Before we had no choice; now we have one. When we sin as Christians, we do not sin as slaves, but as individuals with the freedom of choice. We sin because we choose to sin.
It might be well if we stopped using the terms “victory” and “defeat” to describe our progress in holiness. Rather we should use the terms “obedience” and “disobedience.” When I say I am defeated by some sin, I am unconsciously slipping out from under my responsibility. I am saying something outside of me has defeated me. But when I say I am disobedient, that places the responsibility for my sin squarely on me. We may, in fact, be defeated, but the reason we are defeated is because we have chosen to disobey.
We do not sin simply because of Satan or because of social deprivation, stressful situations, bad influences, or any other external cause. Those things may tempt us to sin and make sinning easier, but when we commit sin – or even intend to commit sin – it is because we decide to sin. Sin is an act of the will.
Divine predestination, divine providence, divine power, divine purpose; divine planning does not void human responsibility.
Table Talk on Trouble and Triumph, Part 1. The sermon originally appeared at: (https://www.gty.org/library/sermons-library/42-270/table-talk-on-trouble-and-triumph-part-1) at www.gty.org. © 1969-2008. Grace to You. All rights reserved. Used by Permission.
God’s sovereignty does not negate our responsibility. Just as sovereignty teaches us to reject chance and luck, sovereignty also must teach us to reject fatalism.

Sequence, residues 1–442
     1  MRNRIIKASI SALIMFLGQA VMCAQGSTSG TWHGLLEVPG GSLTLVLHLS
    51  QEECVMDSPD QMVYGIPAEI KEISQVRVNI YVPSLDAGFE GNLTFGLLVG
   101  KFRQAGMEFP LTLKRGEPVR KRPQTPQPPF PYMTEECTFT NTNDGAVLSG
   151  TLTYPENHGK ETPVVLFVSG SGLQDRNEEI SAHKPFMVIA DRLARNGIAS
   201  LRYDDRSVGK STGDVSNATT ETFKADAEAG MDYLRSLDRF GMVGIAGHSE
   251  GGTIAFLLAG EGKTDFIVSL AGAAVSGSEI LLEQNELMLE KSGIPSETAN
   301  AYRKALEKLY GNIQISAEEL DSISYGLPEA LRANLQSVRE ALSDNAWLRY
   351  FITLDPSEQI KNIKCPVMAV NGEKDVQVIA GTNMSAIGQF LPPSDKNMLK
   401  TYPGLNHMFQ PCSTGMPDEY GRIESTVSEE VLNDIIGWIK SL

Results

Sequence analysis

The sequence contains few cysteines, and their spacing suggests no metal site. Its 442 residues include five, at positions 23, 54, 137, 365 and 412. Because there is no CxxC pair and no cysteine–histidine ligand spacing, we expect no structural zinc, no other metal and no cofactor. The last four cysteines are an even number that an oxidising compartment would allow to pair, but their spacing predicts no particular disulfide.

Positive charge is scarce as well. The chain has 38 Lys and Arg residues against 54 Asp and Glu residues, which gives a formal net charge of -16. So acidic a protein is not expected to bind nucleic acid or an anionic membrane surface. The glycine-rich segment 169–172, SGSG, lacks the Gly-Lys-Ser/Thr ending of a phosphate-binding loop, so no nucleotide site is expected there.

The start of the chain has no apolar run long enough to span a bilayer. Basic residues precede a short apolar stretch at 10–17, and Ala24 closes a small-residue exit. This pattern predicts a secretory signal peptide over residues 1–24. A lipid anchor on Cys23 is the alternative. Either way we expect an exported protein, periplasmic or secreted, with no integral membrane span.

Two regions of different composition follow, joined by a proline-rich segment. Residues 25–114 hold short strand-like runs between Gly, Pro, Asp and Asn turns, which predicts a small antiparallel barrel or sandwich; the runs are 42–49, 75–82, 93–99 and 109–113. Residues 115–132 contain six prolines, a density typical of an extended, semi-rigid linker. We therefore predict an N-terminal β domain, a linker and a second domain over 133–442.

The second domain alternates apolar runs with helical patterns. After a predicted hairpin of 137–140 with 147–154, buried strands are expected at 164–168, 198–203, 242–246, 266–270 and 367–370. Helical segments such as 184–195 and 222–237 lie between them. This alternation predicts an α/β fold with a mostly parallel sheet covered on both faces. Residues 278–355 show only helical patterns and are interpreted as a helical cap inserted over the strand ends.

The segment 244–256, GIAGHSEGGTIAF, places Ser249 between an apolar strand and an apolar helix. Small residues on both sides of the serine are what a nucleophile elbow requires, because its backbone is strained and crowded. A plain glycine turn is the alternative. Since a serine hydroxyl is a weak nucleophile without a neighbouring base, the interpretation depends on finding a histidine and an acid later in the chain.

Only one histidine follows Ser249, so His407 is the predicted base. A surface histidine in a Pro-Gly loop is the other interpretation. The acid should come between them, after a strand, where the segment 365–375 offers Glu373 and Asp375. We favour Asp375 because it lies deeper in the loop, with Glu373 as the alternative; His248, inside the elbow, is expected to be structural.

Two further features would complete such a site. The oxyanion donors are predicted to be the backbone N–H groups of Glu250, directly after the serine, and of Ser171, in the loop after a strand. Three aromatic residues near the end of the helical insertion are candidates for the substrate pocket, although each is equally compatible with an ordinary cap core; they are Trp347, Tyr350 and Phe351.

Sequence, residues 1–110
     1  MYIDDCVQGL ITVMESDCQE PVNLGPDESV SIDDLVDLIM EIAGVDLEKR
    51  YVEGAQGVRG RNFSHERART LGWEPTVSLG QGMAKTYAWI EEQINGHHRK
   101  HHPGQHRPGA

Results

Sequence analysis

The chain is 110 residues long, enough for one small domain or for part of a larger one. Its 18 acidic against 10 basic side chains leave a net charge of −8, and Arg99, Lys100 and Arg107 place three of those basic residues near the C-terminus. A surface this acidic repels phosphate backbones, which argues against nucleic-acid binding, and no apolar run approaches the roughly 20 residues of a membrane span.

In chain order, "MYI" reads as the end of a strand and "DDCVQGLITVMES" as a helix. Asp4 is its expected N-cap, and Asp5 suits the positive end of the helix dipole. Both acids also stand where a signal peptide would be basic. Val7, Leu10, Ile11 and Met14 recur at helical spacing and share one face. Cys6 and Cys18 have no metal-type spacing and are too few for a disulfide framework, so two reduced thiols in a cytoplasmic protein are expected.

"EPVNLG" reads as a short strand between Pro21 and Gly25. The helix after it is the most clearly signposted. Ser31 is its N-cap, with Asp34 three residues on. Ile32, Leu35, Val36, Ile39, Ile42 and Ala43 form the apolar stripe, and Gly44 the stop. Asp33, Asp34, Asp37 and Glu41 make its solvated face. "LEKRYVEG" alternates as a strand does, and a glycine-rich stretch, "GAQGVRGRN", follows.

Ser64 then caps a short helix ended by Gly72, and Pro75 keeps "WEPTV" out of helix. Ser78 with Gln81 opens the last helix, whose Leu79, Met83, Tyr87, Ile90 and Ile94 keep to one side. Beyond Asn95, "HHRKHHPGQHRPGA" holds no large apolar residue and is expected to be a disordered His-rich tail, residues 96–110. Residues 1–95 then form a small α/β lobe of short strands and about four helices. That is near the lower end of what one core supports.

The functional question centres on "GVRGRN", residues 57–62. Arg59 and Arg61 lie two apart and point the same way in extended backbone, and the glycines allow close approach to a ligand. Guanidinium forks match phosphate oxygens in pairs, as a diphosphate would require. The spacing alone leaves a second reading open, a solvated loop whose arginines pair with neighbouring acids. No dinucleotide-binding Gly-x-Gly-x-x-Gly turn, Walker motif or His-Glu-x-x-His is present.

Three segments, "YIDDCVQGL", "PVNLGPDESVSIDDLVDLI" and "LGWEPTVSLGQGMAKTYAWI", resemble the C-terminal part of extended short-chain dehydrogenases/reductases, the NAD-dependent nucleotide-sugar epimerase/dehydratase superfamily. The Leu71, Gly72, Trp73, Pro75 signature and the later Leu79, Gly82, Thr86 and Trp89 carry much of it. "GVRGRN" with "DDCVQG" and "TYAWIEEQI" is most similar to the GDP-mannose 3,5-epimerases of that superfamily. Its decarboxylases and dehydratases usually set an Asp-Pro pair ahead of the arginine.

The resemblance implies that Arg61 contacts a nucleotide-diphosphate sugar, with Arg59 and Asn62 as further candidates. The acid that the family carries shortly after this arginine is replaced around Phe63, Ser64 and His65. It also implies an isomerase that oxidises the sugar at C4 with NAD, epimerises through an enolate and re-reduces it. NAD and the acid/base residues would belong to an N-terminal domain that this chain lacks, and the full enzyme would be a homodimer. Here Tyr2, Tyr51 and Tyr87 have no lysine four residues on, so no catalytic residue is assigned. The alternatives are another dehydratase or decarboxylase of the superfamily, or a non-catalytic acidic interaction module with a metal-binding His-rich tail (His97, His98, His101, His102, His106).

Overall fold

From the Word of God I gather that damnation is all of man, from top to bottom, and salvation is all of grace, from first to last. He that perishes chooses to perish; but he that is saved is saved because God has chosen to save him.
If then, you will be damned, let me have this one thing as a consolation for your misery, that you are not damned for the lack of calling after; you are not lost for the lack of weeping after, and not lost for the lack of praying after.
The use of means ought not to lessen our faith in God, and our faith in God ought not to hinder our using whatever means He has given us for the accomplishment of His own purposes.
[Providence] insists that everything (yes, everything) that happens does so because God wills it to happen, wills it to happen before it happens, wills it to happen in the way that it happens. Such a view signals immediately that history is not arbitrary or fortuitous; neither is it “simple determinism,” “Que Sera, Sera” or, “whatever will be, will be,” as though our own choices and involvement have no relevance whatsoever, a fatalistic view more reflective of Islam than biblical Christianity.